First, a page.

If you have a 3-weight rod, you are going to have a hard time reeling in anything larger than the
smallest of trout.
Conversely, if you have a 12-weight fly rod, you can reel in plenty of trout… but it’s not going to
be all that much fun.
The Length
This will depend on where you are fishing.
If you are fishing in tight areas with a lot of obstacles (trees and rocks) then you will want to
have a shorter rod. Think 6-8 feet.
For most, a rod from 8-10 feet will work. Still short enough that it is not a hassle in tight areas,
but long enough to cast longer casts if you need to reach farther out.
10 feet and up can be a pain to deal with in tight spots. However, if you are in an open area,
they are great when you need to chuck a fly far.
The Action
This is how much flex is in your rod. The three categories are appropriately named, and
therefore, easy to understand.
● Tip-flex: only flexes a little at the tip of the rod.
● Mid-flex: flexes halfway down the rod while the base stays stiff
● Full-flex: The entire rod flexes
For most fishing, mid-flex rods are perfectly fine.
Tip-flex rods are easier to cast farther but are harder to control on shorter casts.
Full-flex is easier to cast in general and particularly good at casting in smaller areas, but you
may be in trouble if you need that extra distance a mid-flex rod gets you.
Line
For fly fishing, you will need four separate types of line:
● Fly Backing – takes up the majority of the reel and is used for extra room in case your
fish runs far
● Fly Line – The weighted part of the line. Usually a bright green (or something similar) so
you can see it in the water. (Weight matches rod weight)
● The Leader – Line that tapers off down towards the leader so the line does not splash
and spook the fish. (Weight matches rod weight)
● The Tippet – Extremely thin and invisible to the fish. The fly connects to the end of it.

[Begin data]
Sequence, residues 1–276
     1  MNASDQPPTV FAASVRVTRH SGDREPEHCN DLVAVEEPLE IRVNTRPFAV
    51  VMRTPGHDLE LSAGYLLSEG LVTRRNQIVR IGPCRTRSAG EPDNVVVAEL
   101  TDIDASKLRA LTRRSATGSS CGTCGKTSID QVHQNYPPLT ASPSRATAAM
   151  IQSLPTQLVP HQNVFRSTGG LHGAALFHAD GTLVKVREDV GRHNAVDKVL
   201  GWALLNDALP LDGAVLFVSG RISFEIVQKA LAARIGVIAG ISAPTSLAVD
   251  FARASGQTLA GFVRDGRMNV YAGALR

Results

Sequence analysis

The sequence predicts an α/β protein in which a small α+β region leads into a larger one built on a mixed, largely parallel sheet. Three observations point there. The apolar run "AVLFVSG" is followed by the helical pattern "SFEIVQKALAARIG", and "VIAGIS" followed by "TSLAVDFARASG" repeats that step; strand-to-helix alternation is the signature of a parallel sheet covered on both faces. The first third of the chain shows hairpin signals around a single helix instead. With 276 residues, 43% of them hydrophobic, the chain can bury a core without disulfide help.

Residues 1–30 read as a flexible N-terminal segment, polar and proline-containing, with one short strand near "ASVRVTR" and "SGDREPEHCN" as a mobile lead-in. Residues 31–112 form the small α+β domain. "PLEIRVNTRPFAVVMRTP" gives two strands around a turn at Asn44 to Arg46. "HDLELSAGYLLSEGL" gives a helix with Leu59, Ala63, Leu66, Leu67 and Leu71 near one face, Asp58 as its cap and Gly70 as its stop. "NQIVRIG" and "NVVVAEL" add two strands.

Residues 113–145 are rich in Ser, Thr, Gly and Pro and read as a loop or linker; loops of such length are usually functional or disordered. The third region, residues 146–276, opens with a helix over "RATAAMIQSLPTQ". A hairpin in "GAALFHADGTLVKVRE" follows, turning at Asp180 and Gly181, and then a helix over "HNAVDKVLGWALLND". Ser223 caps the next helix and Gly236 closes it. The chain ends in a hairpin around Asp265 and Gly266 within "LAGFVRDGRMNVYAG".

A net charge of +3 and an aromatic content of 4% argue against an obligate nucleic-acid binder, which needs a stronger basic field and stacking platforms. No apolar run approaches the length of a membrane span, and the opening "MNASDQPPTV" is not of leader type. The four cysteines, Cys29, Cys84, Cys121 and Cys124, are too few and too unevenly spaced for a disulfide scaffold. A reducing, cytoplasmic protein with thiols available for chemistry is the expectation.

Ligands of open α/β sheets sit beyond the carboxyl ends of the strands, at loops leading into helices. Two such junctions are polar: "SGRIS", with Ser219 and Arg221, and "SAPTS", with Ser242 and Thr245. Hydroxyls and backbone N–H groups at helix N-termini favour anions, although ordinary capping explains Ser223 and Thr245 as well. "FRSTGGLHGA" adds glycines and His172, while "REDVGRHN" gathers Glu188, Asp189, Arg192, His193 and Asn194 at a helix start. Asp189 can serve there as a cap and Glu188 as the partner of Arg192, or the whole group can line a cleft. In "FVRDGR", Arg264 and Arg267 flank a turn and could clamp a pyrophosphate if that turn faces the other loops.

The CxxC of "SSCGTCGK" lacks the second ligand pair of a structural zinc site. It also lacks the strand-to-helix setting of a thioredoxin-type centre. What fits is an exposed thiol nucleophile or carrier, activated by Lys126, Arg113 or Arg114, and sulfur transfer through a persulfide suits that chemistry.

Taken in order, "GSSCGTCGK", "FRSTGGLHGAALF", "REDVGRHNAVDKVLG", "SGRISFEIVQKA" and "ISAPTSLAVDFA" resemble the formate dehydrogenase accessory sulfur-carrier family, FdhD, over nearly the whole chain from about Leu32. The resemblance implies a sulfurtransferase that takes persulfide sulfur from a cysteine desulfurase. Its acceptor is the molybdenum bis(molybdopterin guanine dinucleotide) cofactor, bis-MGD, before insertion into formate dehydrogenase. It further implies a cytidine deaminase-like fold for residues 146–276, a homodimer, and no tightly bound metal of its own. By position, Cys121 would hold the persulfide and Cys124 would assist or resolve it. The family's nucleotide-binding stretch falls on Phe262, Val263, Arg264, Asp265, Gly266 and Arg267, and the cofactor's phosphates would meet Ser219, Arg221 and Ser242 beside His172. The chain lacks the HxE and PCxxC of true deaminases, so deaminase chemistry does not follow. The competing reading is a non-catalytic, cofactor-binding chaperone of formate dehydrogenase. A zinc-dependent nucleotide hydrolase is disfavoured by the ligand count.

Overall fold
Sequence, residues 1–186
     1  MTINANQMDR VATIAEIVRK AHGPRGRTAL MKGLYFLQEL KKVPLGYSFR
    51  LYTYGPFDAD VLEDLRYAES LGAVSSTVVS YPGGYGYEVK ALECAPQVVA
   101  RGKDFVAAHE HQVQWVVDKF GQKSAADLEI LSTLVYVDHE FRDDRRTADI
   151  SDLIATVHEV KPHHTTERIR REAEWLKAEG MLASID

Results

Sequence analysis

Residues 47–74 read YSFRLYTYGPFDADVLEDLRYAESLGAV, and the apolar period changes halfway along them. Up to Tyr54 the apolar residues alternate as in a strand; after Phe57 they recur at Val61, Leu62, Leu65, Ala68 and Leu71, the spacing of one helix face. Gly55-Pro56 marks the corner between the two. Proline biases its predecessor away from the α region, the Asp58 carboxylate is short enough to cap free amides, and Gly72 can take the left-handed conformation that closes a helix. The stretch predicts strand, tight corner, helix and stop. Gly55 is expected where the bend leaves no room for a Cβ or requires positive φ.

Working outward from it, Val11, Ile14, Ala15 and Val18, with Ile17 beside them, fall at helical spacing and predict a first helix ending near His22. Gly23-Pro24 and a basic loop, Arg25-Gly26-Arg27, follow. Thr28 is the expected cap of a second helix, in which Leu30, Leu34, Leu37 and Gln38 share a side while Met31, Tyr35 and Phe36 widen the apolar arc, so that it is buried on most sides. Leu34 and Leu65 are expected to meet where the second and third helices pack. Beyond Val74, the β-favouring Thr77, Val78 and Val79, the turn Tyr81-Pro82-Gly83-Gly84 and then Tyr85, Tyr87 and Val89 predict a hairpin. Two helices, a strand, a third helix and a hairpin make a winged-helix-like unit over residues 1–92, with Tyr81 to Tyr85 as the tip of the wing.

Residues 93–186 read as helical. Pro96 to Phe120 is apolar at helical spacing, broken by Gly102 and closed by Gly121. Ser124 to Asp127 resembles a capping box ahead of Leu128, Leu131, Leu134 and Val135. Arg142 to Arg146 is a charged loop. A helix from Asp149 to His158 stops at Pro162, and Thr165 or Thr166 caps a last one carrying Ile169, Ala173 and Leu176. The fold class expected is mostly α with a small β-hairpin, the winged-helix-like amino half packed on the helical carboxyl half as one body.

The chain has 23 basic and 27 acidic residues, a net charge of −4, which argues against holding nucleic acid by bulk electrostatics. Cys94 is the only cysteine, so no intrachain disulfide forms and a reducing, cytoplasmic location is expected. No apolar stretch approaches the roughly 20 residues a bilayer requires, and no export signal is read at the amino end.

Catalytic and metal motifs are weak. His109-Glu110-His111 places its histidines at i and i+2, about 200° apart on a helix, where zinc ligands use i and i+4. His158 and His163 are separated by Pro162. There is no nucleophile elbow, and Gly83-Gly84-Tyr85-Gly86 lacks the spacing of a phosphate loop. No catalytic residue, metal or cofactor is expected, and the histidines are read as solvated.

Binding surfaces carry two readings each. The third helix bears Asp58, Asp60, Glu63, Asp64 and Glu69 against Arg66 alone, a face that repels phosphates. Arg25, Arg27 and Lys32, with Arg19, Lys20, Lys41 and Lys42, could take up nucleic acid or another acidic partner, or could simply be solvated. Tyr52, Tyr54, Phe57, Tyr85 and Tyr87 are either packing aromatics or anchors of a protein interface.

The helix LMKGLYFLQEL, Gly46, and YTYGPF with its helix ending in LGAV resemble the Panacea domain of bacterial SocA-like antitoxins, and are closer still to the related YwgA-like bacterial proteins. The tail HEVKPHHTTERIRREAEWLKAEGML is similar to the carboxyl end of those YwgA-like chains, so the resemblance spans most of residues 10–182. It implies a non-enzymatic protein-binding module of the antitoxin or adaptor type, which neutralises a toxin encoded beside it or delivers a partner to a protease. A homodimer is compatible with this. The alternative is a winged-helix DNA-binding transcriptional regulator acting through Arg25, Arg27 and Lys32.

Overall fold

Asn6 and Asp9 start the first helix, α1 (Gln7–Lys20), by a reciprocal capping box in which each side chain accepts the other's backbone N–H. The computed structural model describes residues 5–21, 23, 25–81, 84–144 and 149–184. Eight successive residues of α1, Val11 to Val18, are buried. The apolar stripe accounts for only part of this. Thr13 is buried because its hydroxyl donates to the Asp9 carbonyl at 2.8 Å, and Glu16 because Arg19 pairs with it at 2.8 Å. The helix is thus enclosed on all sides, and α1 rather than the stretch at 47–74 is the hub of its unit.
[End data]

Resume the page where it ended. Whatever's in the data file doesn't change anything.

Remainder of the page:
As you can see, both the fly line’s weight and the leader’s weight matches the rod weight.
If you have a 5-weight rod, you have a 5-weight fly line and leader.
There is line sold for every rod weight, so be sure to check you are buying the right size.
Reel
When you are buying a reel you want to think about:
● Weight
● Drag
● Arbor Size
Weight
Just like the weight of your line, the weight of your reel should equal the weight of your
rod.
● If you have a 5-weight rod, you get a 5-weight reel and 5-weight line
● If you have a 7-weight rod, you get a 7-weight reel and 7-weight line
Get the picture?
Drag
There are a few different systems in regard to the drag of a reel. Obviously, the more expensive
you go, the better the drag system.
The drag essentially determines how much force it takes for the line to be pulled out. If you are
going for a larger fish, you will want a “disc drag system.”
It will provide the support you need when you hook that big fish.
Arbor Size
The arbor size is the diameter of the reel.
A large arbor is helpful when you need a lot of line (like if you are fishing in the ocean and catch
a sailfish) but a small to mid-size arbor is better for the trout fisherman. It’s more balanced
to have a mid-size arbor on a 6-weight rod. You won’t need all that extra reel when trout fishing
anyway.
Flies
The fly is meant to imitate the fish’s food. It is what the fish attempts to eat before you set the
hook.
This article cannot tell you the exact type of fly you will need. It is something you will have to
figure out on your own through research, and trying different kinds.
You could try to go down to your fishing spot to observe the food sources your fish is feasting
on. Then purchase a fly that looks like that.
There are plenty of articles that explain how to do this! But this is not one of them.
This is because I have a much easier technique.
Go down to your local fish shop, tell them what fish you are looking for, and ask them
what flies work best. Then purchase the flies they recommend from that shop.
You have enough to worry about trying to learn the sport. As you become more adept, you can
start to look for food sources and try different flies.
You can even create your own flies! But this is another rabbit hole that you can fall down, only
for the most dedicated fly fishermen.
Waders
These keep you dry as you are trudging through rivers and streams. This is where things start to
get optional.
If you want to, you can stay on dry land and fly fish.
But to get where the fish are, sometimes through the water is the only option. Plus, wading
through the water is part of the fun.
The most popular waders are made out of neoprene.
They range in thickness. If you are fishing when it is below 30 degrees, you will want that
insulation. You won’t like that as much in the warmer weather, however. So pick wader
thickness based on the season you fish.
Waders vary in height, from waist high to chest high.
I would suggest chest waders, as it gives you more leeway into how deep of water you can go
into. (BE AWARE: If you fall down in chest waders in rough water, the water can fill up your